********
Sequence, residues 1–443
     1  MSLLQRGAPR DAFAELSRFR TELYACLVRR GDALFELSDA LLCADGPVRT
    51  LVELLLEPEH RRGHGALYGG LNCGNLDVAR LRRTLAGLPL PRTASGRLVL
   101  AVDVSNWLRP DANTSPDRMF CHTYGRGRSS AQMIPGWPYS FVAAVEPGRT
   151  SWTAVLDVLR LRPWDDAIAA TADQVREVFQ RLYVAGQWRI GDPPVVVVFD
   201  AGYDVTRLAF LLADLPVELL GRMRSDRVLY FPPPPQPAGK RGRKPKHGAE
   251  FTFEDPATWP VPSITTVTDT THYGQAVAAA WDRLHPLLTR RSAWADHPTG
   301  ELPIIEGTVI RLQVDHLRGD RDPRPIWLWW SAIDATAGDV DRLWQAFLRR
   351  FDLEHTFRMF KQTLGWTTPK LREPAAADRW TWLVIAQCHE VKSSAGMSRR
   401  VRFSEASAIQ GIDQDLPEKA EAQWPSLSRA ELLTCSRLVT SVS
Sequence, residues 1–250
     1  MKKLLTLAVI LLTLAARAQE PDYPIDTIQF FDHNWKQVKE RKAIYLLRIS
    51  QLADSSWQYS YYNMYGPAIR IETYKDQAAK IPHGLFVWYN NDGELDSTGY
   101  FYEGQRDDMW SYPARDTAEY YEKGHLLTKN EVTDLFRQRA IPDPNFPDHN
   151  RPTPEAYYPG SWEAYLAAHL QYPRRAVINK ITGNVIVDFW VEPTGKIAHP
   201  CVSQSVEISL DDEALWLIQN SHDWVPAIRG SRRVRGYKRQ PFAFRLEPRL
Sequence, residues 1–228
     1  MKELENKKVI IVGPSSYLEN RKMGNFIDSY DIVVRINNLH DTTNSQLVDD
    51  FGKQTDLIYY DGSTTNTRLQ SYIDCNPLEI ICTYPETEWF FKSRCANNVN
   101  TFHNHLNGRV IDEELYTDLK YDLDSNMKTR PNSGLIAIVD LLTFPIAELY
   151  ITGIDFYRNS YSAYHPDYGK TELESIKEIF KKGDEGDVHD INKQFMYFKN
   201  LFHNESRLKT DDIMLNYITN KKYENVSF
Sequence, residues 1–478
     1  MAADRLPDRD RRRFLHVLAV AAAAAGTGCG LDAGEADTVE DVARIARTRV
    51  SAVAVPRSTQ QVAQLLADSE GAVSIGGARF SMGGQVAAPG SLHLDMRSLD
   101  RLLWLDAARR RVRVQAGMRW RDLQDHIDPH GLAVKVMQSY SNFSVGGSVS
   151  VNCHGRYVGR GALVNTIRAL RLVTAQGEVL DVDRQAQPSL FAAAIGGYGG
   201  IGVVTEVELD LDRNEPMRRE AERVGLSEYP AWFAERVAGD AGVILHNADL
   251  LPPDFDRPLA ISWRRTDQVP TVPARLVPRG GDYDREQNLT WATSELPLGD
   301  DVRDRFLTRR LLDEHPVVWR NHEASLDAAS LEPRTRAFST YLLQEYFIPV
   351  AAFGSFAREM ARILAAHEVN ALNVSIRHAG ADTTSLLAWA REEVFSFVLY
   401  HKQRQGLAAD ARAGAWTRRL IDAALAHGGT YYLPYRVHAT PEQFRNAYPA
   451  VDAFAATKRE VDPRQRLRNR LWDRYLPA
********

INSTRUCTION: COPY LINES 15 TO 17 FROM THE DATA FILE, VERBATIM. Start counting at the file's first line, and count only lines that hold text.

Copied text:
   151  RPTPEAYYPG SWEAYLAAHL QYPRRAVINK ITGNVIVDFW VEPTGKIAHP
   201  CVSQSVEISL DDEALWLIQN SHDWVPAIRG SRRVRGYKRQ PFAFRLEPRL
Sequence, residues 1–228